• For the second half of the meditation, spend the first three minutes moving back towards intense, clear focus, and then for the final three minutes emphasizing relaxation.

The idea here is to develop the skill of moving consciously back and forth along the spectrum of attention, from single pointed focus to less focused relaxation and back again. This in turn will enable you to bring an appropriate, balanced attention your different daily activities according to what is needed.

© Toby Ouvry 2017, you are welcome to use or share this article, but please cite Toby as the source and include reference to his website www.tobyouvry.com


Upcoming Courses at Integral Meditation Asia

Ongoing on Wednesday’s, 7.30-8.30pm – Wednesday Meditation Classes at Basic Essence with Toby

Ongoing on Tuesday evenings from November, 7.30-8.30pm – Tuesday Meditation Classes at One Heart with Toby (East coast)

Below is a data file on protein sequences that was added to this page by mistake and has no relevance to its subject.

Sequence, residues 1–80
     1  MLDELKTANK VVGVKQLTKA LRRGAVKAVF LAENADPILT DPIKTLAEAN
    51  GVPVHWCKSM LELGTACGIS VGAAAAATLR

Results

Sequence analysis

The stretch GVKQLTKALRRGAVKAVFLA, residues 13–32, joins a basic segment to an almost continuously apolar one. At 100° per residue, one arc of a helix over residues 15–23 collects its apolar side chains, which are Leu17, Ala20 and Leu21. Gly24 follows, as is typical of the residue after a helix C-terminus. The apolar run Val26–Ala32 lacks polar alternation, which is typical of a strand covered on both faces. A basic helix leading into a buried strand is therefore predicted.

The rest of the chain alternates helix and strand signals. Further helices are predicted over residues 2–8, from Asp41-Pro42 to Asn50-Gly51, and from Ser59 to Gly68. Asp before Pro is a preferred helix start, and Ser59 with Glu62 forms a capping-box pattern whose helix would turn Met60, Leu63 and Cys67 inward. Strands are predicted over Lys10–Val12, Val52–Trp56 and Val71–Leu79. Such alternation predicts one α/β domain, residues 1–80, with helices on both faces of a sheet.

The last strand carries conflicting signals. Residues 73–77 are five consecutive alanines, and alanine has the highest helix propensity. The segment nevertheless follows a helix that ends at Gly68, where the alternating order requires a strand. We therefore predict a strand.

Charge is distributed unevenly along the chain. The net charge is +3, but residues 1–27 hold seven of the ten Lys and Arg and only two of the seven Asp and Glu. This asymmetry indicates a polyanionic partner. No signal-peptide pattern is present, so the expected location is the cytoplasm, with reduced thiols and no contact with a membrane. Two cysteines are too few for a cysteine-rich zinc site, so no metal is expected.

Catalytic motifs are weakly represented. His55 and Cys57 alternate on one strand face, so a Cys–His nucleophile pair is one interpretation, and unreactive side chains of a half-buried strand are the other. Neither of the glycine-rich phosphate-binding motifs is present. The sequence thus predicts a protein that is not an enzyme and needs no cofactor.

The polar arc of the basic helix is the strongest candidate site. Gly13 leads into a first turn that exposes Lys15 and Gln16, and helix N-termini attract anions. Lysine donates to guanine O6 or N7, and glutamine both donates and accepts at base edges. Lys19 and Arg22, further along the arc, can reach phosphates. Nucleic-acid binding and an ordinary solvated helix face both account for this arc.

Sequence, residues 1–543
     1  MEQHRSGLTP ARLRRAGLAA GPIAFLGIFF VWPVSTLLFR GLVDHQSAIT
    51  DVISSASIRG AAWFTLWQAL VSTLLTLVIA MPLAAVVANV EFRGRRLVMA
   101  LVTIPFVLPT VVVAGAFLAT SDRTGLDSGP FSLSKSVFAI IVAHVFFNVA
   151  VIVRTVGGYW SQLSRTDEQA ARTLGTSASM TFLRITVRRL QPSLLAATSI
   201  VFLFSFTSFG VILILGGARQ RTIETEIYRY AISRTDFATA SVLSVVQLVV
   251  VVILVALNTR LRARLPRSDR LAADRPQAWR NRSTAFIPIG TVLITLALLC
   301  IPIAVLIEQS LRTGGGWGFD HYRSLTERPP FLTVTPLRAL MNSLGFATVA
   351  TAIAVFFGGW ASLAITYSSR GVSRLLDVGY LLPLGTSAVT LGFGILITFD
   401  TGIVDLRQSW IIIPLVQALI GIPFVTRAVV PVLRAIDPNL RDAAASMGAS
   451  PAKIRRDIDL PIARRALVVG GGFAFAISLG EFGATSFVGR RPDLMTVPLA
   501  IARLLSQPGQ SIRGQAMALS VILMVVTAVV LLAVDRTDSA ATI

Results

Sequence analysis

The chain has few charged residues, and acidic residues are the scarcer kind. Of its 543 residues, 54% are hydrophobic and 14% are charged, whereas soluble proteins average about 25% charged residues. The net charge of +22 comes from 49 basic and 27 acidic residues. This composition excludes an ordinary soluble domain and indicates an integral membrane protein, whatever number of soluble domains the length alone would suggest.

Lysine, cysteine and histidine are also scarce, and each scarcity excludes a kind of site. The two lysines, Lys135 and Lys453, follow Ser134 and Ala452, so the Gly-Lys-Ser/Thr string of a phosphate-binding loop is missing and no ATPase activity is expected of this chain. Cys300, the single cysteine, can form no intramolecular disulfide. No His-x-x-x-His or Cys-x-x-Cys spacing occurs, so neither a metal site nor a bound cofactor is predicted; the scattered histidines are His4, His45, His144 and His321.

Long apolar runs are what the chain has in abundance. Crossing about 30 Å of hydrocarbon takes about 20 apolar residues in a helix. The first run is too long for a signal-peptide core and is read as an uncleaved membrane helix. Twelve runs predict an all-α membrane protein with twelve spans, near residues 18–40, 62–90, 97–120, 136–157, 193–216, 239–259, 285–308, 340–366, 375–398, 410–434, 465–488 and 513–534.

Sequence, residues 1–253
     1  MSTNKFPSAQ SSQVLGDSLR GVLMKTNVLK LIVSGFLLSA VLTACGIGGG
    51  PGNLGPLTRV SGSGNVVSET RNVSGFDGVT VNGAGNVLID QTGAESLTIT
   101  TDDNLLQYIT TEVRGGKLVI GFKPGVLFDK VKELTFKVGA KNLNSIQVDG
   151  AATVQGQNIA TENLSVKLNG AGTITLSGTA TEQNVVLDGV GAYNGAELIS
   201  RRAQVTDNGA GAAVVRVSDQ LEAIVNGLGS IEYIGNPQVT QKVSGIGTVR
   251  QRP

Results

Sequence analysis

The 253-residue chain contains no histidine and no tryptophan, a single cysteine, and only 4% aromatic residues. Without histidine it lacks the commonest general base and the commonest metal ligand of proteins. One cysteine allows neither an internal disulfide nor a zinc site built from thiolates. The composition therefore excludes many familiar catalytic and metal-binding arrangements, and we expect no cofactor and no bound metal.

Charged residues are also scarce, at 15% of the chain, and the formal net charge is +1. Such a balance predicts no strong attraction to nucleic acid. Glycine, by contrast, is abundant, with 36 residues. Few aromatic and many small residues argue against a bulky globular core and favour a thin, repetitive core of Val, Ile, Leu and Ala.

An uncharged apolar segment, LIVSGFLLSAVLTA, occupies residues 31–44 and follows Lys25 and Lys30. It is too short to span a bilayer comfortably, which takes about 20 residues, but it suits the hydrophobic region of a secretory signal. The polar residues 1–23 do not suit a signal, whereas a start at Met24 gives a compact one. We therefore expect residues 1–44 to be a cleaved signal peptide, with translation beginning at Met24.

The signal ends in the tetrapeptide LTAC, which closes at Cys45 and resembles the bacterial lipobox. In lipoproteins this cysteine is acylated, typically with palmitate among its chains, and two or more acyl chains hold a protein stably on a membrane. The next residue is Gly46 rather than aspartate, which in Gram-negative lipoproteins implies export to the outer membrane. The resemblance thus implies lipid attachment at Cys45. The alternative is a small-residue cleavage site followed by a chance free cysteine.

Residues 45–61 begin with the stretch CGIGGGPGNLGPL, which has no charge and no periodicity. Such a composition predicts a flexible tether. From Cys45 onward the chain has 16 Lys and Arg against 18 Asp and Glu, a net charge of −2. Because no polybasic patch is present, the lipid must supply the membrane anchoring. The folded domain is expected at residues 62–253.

Tuesday 7th February & Wednesday 8th February – Lunar new year meditation 2017: Tapping into the confidence, motivation & honesty of the Rooster

Saturday 4th February, 2-5.30pm – The six Qi gong healing sounds: Qi gong for self-healing & inner balance workshop

Friday 24th February, 7.30pm – TGIF meditation & meal: Nourish your body mind & soul at Oneheart!

Saturday 25th February, 10am-5pm – An Introduction to Meditation from the Perspective of Shamanism

Saturday 4th March, 10am-5pm – Meditation from the Perspective of Shamanism Level 2 – Deeper into the Shamanic journey


Integral Meditation Asia

Online Courses 1:1 Coaching * BooksLive Workshops * Corporate Mindfulness Training *Life-Coaching *  Meditation Technology